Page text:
[Editor's Note: In honor of our 33 1/3 sale — buy two new (not used or sale) books from Continuum Books' 33 1/3 series, featuring critical writing on seminal albums, and get a third free — we're pleased to feature blog posts from some of the people behind the 33 1/3 series.]
Being interested in music, I often think, really means being interested in almost everything. The hidden perk of working in music criticism (as opposed to the visible ones, the shows, drink tickets and everything else that ushers us along to our no-doubt-early graves) is that one's research about a singer or a composer or a trombone player always leads to other sorts of questions altogether — about the social dynamics and urban development of the city they come from, or the politicians who campaigned to their songs or tried to get them banned, or the physiology of what happens to the lips of horn players as they age. And then there's the question of who listens to the music, not just where it comes from but where it eventually goes — what kinds of trouble do kids get up to listening to this song, compared to the sort of trouble they got into listening to last year's song? Are they huffing glue or sipping cough syrup? Committing arson or whip-riding on rear fenders?
As a result, the best music writing is often a cascade of branching tangents . My favorite books in the 33 1/3 series are usually those that seem to be about an album but are really about something else — Erik Davis's book that pretends to be about Led Zeppelin but is really about magic and technology; Douglas Wolk's book that pretends to be about James Brown's Live at the Apollo but is really what it might have been like to live through the Cuban Missile Crisis; Franklin Bruno's book that pretends to be about Elvis Costello but is really about race and soul and Englishness and Americanness and the fact that Franklin is so uncannily able to detect borrowed hooks and chord structures even when they are chopped in half and played backwards that the producers of Name That Tune should be glad their show went before he was old enough to come win all their money. (Then again, lucky for them Elvis Costello was never a contestant, too.)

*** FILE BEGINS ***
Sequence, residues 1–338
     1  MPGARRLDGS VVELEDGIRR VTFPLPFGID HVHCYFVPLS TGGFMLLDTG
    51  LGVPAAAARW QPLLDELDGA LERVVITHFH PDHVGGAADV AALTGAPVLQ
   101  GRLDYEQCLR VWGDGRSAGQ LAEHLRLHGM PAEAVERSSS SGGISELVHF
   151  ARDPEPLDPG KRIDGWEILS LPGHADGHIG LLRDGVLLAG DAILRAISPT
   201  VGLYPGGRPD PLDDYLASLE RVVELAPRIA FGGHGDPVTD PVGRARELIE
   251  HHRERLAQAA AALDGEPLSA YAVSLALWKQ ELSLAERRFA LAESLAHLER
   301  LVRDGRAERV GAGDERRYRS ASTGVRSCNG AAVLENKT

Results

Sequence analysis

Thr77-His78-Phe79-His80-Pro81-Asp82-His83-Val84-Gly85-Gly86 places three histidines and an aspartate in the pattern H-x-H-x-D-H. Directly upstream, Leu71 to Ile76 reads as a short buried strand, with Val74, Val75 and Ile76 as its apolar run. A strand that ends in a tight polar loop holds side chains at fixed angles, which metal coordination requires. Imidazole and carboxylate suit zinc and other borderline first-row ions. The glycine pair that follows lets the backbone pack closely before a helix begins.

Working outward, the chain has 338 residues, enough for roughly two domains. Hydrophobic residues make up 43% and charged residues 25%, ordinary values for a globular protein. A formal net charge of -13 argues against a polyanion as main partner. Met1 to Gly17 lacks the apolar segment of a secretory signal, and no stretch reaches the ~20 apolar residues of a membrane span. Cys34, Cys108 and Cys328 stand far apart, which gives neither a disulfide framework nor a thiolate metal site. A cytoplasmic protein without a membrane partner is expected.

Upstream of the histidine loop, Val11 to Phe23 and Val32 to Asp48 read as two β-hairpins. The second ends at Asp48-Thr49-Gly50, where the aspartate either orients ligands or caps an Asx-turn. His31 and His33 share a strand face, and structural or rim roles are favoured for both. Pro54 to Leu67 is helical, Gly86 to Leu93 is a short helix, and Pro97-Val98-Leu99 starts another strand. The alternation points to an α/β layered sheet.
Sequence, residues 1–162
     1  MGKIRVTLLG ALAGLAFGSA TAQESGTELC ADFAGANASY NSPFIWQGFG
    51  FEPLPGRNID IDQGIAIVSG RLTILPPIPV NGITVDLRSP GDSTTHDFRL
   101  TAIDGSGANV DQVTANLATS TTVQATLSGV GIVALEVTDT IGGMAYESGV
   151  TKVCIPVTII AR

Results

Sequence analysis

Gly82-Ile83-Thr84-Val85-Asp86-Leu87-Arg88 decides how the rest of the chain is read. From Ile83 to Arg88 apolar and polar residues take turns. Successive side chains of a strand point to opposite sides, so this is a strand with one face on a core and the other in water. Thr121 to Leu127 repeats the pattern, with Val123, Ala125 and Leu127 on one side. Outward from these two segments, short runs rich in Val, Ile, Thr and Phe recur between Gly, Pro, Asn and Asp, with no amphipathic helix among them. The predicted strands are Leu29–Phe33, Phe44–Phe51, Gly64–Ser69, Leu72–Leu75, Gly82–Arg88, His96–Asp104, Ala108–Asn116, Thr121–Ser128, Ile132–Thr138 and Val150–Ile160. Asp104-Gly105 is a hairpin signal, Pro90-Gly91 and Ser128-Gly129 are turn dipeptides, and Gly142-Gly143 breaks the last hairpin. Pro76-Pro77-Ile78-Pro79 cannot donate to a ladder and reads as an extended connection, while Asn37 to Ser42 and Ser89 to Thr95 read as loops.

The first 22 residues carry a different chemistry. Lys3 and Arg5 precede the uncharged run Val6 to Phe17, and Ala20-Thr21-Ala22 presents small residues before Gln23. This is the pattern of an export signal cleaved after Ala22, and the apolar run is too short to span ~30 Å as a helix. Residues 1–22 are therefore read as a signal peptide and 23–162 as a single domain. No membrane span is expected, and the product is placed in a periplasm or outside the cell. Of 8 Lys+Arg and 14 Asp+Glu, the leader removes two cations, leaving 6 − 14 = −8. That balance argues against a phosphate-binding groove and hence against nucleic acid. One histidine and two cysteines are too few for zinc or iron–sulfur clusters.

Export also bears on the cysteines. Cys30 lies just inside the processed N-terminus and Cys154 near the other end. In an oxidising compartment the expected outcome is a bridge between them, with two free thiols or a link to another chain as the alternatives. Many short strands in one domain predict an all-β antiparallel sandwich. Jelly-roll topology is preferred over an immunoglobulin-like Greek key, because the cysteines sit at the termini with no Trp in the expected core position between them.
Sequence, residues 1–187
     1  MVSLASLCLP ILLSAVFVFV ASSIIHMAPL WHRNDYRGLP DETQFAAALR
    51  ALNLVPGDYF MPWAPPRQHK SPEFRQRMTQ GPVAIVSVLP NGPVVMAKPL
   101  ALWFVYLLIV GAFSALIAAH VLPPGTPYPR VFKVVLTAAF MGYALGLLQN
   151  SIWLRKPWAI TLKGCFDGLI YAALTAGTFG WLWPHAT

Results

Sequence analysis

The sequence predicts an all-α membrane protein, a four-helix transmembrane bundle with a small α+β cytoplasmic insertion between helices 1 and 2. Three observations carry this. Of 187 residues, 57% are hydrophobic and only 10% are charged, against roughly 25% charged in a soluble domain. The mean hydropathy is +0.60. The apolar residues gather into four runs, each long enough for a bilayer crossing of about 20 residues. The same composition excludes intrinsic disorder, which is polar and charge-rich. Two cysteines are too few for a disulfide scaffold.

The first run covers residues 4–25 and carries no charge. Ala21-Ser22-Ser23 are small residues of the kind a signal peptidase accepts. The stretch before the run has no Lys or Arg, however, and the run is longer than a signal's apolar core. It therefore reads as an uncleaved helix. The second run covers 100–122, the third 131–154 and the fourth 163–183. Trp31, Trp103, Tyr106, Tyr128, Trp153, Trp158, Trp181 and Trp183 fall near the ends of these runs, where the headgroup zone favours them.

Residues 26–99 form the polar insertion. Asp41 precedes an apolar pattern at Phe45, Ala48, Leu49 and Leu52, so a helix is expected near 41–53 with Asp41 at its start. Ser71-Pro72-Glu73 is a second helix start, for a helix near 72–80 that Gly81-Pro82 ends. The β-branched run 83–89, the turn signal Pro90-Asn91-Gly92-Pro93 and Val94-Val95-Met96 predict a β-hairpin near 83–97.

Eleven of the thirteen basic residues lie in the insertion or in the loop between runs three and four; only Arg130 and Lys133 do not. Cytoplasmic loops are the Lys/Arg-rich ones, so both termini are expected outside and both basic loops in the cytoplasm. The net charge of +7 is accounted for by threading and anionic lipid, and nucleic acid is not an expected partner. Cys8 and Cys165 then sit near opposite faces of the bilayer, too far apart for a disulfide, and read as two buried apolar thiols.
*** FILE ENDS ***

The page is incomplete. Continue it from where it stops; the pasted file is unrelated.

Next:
My own book might the series' dodgiest pretender, as it claims on its cover to be about a Celine Dion album, and then goes on for about 9 of its 12 chapters without saying more than a few words about that album, going on instead about taste and globalization and sentimentality and schmaltz and TV shows about teenage girls. My book is a lab experiment in disguise, in which I was the rat, being exposed to various test conditions or stimuli that might help me understand how millions of people could be fans of Celine Dion while I and nearly everybody I'd ever met couldn't stand her. The test tubes and beakers of the experiment are, of course, tangents. It is a travelogue of sorts, as the subtitle says, "a journey to the end of taste."